Esperanza Spalding – Chamber Music Society – Heads Up International

by | Aug 6, 2010 | Jazz CD Reviews | 0 comments

Esperanza Spalding – Chamber Music Society – Heads Up International – HUI-31810, 56:20 ****:

(Esperanza Spalding – acoustic bass, vocals; Leo Genovese – piano, Rhodes, Melodica; Terri Lyne Carrington – drums; Quintino Cinalli – percussion, Candombe Drums, Bombo Leguero; Entcho Todorov – violin; Lois Martin – viola; David Eggar – cello; Milton Nascimento – voice; Gretchen Parlato – voice; Ricardo Vogt – guitar.)

The concept of integrating jazz with classical music is daunting. To Esperanza Spalding, a passionate and inventive musician, diversity and challenge are symmetrical.  After teaching herself the violin at the age of five, she would go on to play with the Chamber Music Society of Oregon, reinvent herself as a bassist, and pursue jazz studies at Portland State University and Berklee School of Music. Along the way, compositional maturation inspired a dedicated exploration of voice as an instrument to define this process.

As a teenage phenomenon, Esperanza toured with singer Patti Austin, learning fundamentals and techniques of singing and performing.  She toured with Joe Lovano, and has collaborated with Stanley Clarke, Christian Scott, Fourplay, and Donald Harrison, gaining prominent supporters in Pat Metheny and Gary Burton. Proud of her tough Northeast Portland roots, her work reflects a cultural merging of contrasting influences.
On Chamber Music Society, her third release, Spalding’s songwriting and vocals have matured, invoking a variety of stylistic interpretations. “Knowledge of Good and Evil” offers an ethereal, delicate lead vocal, marked by the wordless “vocalese” (a classical music technique often compared to scat in jazz). There is an interesting chamber arrangement of a William Blake poem, “Little Fly” which gives Spalding a chance to exude a whimsical tone, while offering intricate phrasing.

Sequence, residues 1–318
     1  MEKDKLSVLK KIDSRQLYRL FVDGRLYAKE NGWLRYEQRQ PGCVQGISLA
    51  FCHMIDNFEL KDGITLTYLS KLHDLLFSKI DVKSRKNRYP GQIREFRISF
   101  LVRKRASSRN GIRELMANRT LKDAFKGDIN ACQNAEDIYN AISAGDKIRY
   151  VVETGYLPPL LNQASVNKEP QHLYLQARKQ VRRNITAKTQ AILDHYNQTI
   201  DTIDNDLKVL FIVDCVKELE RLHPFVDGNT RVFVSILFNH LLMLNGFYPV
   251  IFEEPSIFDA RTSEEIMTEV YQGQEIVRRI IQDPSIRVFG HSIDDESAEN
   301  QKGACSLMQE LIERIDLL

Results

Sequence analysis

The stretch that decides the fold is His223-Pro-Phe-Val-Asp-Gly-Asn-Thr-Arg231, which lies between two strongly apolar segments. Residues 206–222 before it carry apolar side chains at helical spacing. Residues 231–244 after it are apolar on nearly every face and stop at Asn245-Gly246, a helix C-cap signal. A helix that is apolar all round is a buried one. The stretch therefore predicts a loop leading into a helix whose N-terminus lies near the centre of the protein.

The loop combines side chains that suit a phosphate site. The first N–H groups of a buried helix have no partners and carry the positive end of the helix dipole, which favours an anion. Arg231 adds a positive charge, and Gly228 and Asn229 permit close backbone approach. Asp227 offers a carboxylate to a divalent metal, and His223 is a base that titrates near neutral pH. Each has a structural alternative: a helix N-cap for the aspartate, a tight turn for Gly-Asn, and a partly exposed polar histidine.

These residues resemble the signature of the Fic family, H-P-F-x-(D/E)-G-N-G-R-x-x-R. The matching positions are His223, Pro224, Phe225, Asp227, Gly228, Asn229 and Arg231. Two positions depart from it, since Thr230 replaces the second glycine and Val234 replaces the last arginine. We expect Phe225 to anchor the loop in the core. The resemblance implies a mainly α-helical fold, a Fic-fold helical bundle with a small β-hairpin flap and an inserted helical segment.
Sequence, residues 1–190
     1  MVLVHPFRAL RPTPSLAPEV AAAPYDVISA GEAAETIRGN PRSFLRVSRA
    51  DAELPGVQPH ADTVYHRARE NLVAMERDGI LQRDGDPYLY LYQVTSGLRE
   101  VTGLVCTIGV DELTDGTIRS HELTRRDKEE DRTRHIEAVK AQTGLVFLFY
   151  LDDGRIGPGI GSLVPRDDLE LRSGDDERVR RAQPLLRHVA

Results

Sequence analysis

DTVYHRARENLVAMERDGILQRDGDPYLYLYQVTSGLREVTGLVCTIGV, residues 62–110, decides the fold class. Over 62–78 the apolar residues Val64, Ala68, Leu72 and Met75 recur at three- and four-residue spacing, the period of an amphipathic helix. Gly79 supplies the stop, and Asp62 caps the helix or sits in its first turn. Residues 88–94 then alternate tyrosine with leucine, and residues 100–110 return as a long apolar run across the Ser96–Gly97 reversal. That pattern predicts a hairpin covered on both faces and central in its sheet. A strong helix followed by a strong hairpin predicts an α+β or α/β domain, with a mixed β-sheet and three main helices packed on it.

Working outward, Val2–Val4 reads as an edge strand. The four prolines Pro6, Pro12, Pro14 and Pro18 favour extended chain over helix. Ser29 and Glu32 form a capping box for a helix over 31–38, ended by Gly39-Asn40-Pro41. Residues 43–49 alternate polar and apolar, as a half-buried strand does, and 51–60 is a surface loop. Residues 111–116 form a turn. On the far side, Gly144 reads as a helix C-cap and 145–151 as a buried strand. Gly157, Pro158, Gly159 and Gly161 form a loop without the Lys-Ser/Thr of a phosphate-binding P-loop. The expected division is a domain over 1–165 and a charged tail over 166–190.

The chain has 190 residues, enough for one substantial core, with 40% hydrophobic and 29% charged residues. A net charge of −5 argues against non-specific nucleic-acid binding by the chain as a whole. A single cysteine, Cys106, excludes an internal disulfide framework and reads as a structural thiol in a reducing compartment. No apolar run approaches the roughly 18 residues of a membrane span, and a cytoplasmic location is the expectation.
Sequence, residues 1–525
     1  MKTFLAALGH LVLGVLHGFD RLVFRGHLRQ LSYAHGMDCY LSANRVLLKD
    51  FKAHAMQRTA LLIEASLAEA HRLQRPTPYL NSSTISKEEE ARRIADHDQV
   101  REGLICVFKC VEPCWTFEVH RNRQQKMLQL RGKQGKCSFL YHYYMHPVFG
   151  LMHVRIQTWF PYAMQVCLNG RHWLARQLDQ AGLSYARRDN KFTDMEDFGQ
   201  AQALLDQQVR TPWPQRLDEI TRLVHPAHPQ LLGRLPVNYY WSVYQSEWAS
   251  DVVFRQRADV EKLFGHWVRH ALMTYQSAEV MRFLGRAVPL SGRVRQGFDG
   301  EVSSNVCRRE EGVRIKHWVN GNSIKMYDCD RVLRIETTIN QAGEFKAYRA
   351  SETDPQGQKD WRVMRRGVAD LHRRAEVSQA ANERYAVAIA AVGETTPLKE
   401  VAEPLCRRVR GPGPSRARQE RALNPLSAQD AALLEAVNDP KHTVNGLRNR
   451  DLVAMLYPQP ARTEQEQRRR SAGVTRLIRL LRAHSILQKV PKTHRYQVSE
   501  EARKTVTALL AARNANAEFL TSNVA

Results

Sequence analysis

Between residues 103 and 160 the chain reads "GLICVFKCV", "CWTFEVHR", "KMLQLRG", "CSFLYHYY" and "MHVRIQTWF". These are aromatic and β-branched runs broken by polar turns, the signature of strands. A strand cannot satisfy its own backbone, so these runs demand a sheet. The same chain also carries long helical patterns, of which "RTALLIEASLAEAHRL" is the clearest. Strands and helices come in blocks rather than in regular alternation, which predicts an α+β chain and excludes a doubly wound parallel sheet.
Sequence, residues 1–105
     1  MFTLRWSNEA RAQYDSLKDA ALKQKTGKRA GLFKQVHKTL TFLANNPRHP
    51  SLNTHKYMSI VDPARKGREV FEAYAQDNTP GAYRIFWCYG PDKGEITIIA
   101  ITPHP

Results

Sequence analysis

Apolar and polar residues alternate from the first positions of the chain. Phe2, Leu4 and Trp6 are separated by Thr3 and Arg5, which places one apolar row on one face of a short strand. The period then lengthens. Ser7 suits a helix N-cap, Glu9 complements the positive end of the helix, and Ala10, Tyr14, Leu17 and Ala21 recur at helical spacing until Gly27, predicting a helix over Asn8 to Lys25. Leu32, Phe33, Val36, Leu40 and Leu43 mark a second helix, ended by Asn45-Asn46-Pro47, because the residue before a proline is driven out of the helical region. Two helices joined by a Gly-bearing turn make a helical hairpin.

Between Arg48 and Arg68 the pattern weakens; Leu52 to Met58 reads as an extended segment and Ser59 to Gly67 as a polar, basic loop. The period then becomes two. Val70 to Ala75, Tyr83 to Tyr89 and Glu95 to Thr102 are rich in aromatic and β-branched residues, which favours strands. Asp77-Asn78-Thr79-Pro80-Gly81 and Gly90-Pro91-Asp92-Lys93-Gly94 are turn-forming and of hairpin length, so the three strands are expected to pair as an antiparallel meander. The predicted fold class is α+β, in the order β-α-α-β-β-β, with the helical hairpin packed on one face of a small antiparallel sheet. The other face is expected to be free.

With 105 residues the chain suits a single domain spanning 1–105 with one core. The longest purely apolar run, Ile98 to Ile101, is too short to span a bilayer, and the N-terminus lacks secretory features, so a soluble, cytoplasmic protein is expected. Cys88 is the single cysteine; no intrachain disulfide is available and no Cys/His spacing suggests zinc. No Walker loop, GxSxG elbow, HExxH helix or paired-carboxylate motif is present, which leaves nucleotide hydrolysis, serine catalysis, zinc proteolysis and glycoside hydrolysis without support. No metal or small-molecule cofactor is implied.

Brazilian-influenced tracks, a self-described preference, are emphasized. “Winter Sun” exhibits a sparkling interplay between Spalding’s bass lines and Leo Genovese’s immaculate piano solos.  With only bass accompaniment, “Inutil Paisagem”, by Antonio Carlos Jobim, is exquisitely voiced by Spalding and Gretchen Parlato in English and Portugese, with catchy wordless harmonies.

Spalding asserts her singing prowess on the Dimitri Tiompkin/Ned Washington standard, “Wild is the Wind”, with a complex and stirring translation. An atmospheric cello solo by David Eggar adds to the ambience of this piece. Jazz aficionados will appreciate the rhythm and accent of “Really Very Small”, and the skipping waltz time of “Chacarera”.

With eight original songs, Chamber Music Society is a testament to an artist who has integrated jazz fusion with a personal vision.

Little Fly; Knowledge of Good and Evil; Really Very Small: Chacarera; Wild Is the Wind; Apple Blossom; As A Sprout; What a Friend; Winter Sun; Inutil Paisagem; Short and Sweet.

— Robbie Gerson

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